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Such a long journey calls for celebration

Nagesh Prabhu
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State Agriculture Department to observe its centenary with a slew of programmes

Charming facade:The offices of the Director and Commissioner of the Department of Agriculture functions from this building constructed during the British rule.— Photo: K. Murali Kumar
Charming facade:The offices of the Director and Commissioner of the Department of Agriculture functions from this building constructed during the British rule.— Photo: K. Murali Kumar

The State Agriculture Department has entered its 100th year of service this year and is planning a slew of programmes and measures to mark the occasion.

Besides rendering yeoman service to farmers, the department has established several institutions and implemented several programmes to boost agricultural production in the last 10 decades of its existence.

Among its recent measures is the one providing crop insurance to all small and marginal farmers by paying their insurance premiums.

The Government has decided to bring out a book featuring the historical developments of the department for the occasion.

The Agriculture Department was established on February 15, 1913, by the British, and Leslie C. Colman, entomologist, was its first director. He was also the longest serving director of the department (21 years).

Mr. Coleman also headed the Mysore Agriculture Residential School established in Hebbal in 1913. Sir M. Visvesvaraya, the Dewan of Mysore (1912-1919), played a key role in establishing the school. The school's intake used to be 15 students a year and it offered Licentiate in Agriculture (L.Ag.).

With multiple schemes launched for the benefit of farmers, the Government had to create the post of Commissioner in 1998 to ensure proper monitoring. M.N. Vidyashankar, IAS, was appointed as the first Commissioner of the department.

During its long journey, the State's foodgrains production increased from 38 lakh tonnes in 1955-56 to 100 lakh tonnes in 2000-01 and crossed 130 lakh tonnes in 2010-11.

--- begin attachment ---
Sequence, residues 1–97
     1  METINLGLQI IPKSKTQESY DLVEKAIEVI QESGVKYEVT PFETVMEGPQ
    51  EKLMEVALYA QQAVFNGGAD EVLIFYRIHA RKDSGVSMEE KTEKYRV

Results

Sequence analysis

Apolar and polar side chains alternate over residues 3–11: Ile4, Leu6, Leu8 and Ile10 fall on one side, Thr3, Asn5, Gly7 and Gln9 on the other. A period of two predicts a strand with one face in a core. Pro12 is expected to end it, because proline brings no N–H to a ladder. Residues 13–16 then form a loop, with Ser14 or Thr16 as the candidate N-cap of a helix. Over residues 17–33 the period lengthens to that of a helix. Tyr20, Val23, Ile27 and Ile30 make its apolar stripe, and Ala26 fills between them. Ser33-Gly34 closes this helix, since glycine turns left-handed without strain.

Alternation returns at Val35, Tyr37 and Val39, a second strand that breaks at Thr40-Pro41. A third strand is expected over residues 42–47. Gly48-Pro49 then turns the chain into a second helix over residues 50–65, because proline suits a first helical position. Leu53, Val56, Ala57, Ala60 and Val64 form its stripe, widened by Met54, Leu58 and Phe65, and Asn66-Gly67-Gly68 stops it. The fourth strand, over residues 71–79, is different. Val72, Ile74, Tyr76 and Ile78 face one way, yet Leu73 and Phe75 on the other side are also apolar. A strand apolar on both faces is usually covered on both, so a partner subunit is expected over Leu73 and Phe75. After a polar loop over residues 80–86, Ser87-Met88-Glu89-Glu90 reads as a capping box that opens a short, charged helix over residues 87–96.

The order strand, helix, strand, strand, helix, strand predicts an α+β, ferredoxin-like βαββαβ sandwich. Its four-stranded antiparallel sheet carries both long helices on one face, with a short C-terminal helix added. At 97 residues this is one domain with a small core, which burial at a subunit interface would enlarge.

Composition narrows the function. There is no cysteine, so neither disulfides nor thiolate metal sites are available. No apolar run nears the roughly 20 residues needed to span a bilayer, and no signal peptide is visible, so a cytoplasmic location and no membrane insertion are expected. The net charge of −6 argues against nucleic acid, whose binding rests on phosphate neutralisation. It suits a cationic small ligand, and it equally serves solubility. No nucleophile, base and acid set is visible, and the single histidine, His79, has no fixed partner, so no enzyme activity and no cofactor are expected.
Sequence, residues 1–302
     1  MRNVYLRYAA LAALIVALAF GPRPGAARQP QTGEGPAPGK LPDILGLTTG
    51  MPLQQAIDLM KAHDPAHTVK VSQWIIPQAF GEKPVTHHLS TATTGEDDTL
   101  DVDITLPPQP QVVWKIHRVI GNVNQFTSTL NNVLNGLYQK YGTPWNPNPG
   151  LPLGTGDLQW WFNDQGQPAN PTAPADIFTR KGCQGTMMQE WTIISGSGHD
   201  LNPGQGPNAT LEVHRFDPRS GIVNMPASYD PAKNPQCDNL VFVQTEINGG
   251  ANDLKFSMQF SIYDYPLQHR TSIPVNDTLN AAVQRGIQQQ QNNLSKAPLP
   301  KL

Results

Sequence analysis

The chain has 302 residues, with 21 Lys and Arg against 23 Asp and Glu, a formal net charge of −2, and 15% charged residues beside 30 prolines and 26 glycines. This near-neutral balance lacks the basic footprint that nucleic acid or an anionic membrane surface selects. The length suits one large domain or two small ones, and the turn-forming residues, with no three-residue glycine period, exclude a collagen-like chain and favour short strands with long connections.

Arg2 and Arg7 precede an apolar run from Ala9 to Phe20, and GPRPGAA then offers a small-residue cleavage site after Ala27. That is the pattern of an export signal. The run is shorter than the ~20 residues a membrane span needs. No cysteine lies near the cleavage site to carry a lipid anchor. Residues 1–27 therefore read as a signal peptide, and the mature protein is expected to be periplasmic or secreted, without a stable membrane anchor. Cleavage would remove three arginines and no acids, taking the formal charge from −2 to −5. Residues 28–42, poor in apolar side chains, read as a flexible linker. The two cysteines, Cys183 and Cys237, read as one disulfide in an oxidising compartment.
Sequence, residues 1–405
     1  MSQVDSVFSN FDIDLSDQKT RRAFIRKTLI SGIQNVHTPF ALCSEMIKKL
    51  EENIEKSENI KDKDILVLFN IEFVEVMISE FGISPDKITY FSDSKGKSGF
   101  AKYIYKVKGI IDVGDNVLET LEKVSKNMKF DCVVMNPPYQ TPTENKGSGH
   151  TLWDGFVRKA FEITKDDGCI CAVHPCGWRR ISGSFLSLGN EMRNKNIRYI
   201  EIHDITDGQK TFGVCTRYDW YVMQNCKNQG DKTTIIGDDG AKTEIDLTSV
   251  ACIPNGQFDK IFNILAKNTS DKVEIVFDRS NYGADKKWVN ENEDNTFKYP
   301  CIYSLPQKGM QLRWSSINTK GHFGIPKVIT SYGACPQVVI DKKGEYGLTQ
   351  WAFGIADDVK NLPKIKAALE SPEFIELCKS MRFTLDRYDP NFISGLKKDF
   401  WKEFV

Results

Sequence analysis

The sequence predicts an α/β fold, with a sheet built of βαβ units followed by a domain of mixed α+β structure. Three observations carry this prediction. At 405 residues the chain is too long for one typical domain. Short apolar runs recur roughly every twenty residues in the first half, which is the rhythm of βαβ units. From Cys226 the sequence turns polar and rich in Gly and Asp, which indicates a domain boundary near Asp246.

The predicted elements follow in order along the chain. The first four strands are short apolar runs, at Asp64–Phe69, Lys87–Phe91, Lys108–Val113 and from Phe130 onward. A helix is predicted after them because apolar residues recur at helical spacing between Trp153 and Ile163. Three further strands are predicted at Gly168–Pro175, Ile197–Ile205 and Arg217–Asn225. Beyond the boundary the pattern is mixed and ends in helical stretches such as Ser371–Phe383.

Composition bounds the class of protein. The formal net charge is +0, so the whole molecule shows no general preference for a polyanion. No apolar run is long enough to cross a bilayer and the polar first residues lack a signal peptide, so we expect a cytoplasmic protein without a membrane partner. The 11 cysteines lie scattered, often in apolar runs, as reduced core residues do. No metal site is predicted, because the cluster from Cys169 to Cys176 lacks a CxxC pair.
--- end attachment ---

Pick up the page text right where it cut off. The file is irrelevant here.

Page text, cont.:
Self-sufficiency

R. Dwarakinath, who was director of the department from 1973 to 79 and Vice-Chancellor of UAS, Bangalore, from 1979 to 81, told The Hindu that Karnataka's farmers had begun using high-yielding variety of seeds in the mid-1960s. Indica and Japonica variety of paddy seeds contributed to the self-sufficiency in foodgrains production in the 1970s, he said.

The department also played a key role in the introduction of land reforms by the D. Devaraj Urs Government, the establishment of the University of Agricultural Sciences (UAS) in Bangalore and Dharwad in 1964 and 1986 respectively, officials said. On account of land reforms and fragmentation of land, the average size of operational holdings declined significantly from 3.2 hectares in 1970-71 to 1.63 hectares in 2005-06, a drop of 49.1 per cent. The number of operational holdings increased from 35.51 lakh in 1970-71 to 75.81 lakh in 2005-06, according to agricultural census report 2007.

The credit for formulating the first agricultural policy goes to the former Chief Minister H.D. Deve Gowda (1995). As the Agriculture Minister, the late C. Byre Gowda announced a policy to increase area under irrigation. The second agricultural policy was announced in 2006 by the H.D. Kumaraswamy Government.

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